Pessimism: Nobody is going to choose euthanasia when they can make $100 selling their horse at auction. When people are broke, they are going to choose this option and you can't change that.

Idealism: Education is the only way to prevent backyard breeding. Surely the people who are still doing it and creating these unwanted horses don't truly understand how badly they are hurting horses by their actions.

Realism: Some peoples' actions can be changed via education. It's particularly useful to educate the young, who aren't set in their opinions yet. Others can only be changed via laws and penalties. Both approaches must be employed to have an effect on overbreeding.

Pessimism: Good luck enforcing laws and penalties! As with abuse and neglect, nobody will ever actually do anything about it. Besides, you can't tell people what they can and can't do. This is the land of the free!

Idealism: Horses are noble souls and we are privileged to be their guardians and partners. Since we are the more intelligent species, we are charged with the responsibility of caring for them. They should not have to do anything to earn this care.

Realism: Horses are like employees. Most of them need to be able to do a job in order to earn a safe home and good care. In return, we should treat them as we would treat an employee, including reasonable work hours, good working conditions, fair discipline and rules, and a "pension" plan when they have become old or disabled.

Pessimism: Horses are property and should have no more "rights" than any other form of livestock. When a horse gets old or disabled, there is nothing wrong with slaughtering it. They don't "earn" anything. They are there to do a job and if they can't do that job anymore, they have to go.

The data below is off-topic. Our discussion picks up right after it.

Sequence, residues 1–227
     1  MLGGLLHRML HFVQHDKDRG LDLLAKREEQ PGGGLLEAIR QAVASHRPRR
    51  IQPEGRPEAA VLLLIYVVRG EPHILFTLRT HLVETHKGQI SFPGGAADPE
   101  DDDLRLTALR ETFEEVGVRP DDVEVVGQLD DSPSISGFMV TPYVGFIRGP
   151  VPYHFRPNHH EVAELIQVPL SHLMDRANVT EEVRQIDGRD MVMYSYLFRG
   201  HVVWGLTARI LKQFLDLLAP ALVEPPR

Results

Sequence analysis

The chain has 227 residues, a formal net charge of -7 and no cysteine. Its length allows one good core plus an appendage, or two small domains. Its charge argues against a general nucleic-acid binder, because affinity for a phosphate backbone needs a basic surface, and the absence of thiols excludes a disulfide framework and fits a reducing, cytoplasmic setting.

Idealism: Most people are intrinsically good and want to do the right thing with regard to their horses. Enough education and we can create a world where horses are bred and kept responsibly by people who will pay to retire them out or humanely euthanize them.

Realism: Not everyone feels a moral responsibility to animals and you can't change that. I mean, heck, in our world we have people who don't feel any moral responsibility to care for their children. As with children, laws are needed to penalize abuse or neglect and can remove the helpless party from of the situation when necessary. Stiff enough penalties are likely to scare most people into compliance. We will never get 100% compliance - as with any law. We don't get 100% compliance with laws against killing people. It doesn't mean we shouldn't try.

Pessimism: It is a waste of resources to spend taxpayer money on this. They're just animals. Most of you EAT cows which are not so different. Just put a slaughterhouse in every state and there you go, problem solved and it didn't cost the taxpayers any money.

An on-topic update:

Remember Jane Smiley? Here she blogs about why she thinks horse slaughter is necessary. Take the time to read the comments. They include some of the best argued responses from the anti-slaughter side that I have ever seen anywhere. Kudos to those of you who have already weighed in.